He was named after his father, a Prague lawyer, who was born in 1891 and killed in 1942 by the Nazis. As a child Veleslav went to a local grammar school in Pankrác at Bělá pod Bezdězem. He also worked in the zoo at Prague from 1941 to 1944 while also working in the underground Czech resistance. When the war ended he studied law at Charles University. He was also active in the Prague uprising as a student activist. He established an anti-communist organization along with Jaromír Nechanský which collaborated with the Office of Strategic Services, particularly the American secretary Walter Birge who was posted to the Prague embassy. For this he was arrested in 1949 and sentenced to death after a trial. The Wahl-Nechanský trial also led to the Czechoslovakian government notifying the Americans that their embassy was too large due to their espionage activities and ordered them to reduce it to a third of its size. His wife, Tatiána Růžičková, was also kept under arrest and she later moved to the United States.
A memorial to Wahl and others executed and tortured from the 1950s was established at Ďáblice, Prague, and in 2000, he was posthumously awarded the Honorary Medal of T.G. Masaryk by the Masaryk Democratic Movement. In 1995 he was posthumously decorated with the Order of the White Lion (Civil Division, Second Class). In 2017, a memorial plaque was installed on the Swedish embassy where he had lived before his execution.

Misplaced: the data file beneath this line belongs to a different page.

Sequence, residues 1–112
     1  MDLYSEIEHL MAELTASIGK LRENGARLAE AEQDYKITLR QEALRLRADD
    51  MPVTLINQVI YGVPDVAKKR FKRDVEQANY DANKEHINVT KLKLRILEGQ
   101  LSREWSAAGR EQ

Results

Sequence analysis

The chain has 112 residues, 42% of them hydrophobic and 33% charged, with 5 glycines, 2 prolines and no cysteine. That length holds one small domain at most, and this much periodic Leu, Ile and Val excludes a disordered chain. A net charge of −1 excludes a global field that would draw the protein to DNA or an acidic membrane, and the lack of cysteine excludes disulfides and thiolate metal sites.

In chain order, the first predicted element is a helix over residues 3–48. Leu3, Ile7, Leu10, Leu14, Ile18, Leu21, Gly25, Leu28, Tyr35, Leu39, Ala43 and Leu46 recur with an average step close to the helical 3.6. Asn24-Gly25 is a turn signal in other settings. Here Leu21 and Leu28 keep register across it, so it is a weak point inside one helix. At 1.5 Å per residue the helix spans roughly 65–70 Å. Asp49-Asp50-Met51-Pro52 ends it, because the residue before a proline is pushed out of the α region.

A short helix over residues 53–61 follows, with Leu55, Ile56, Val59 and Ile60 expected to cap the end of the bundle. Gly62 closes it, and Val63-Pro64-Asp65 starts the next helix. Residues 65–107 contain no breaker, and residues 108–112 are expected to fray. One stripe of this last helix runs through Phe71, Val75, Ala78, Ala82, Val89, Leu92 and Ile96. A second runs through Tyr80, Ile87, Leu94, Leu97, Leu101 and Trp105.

Wahl wrote a landmark work on the birds of Prague (Pražské ptactvo), published first in 1944 with a second edition in 1945.
- Schmidt, Dana Adams (1952). Anatomy of a Satellite. Boston: Little, Brown and Company. pp. 181–201.
- Lukes, Igor (2012). On the Edge of the Cold War: American Diplomats and Spies in Postwar Prague. Oxford University Press.
- Veselovský, Zdeněk (1991). "K nedožitým sedmdesátinám Veleslava Wahla" (PDF). Sylvia (in Czech). 28: 135–137.
- "List of Honoured". Retrieved 4 October 2017.